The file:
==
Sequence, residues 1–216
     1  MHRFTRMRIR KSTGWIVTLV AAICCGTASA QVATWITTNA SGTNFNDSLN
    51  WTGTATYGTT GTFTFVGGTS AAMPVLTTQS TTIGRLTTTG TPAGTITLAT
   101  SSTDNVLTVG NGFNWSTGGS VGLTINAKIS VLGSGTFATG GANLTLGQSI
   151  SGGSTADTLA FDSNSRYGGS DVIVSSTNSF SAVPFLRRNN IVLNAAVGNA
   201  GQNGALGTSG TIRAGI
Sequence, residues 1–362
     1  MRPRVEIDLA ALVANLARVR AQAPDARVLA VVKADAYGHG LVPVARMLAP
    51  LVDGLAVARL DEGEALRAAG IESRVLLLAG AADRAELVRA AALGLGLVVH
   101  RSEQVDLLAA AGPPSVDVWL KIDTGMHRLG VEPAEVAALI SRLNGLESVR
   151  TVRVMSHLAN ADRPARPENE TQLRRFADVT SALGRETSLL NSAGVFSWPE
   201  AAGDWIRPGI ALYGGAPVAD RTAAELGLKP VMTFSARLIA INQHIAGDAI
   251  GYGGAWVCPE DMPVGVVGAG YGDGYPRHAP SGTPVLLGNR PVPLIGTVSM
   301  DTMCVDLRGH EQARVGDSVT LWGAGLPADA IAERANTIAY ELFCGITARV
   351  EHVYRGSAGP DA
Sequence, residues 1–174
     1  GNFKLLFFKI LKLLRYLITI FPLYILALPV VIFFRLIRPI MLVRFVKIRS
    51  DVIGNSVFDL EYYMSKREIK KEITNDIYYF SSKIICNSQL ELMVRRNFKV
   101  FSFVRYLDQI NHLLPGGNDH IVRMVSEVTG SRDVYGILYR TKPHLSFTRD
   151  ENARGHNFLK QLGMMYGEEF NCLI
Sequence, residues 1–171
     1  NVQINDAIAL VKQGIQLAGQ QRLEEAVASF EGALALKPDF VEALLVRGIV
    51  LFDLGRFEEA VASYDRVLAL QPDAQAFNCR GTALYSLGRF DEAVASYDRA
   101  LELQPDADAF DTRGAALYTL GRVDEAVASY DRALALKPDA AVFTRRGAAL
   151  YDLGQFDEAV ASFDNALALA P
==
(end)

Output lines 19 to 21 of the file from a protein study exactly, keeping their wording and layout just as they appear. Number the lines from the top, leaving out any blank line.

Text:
   101  FSFVRYLDQI NHLLPGGNDH IVRMVSEVTG SRDVYGILYR TKPHLSFTRD
   151  ENARGHNFLK QLGMMYGEEF NCLI
Sequence, residues 1–171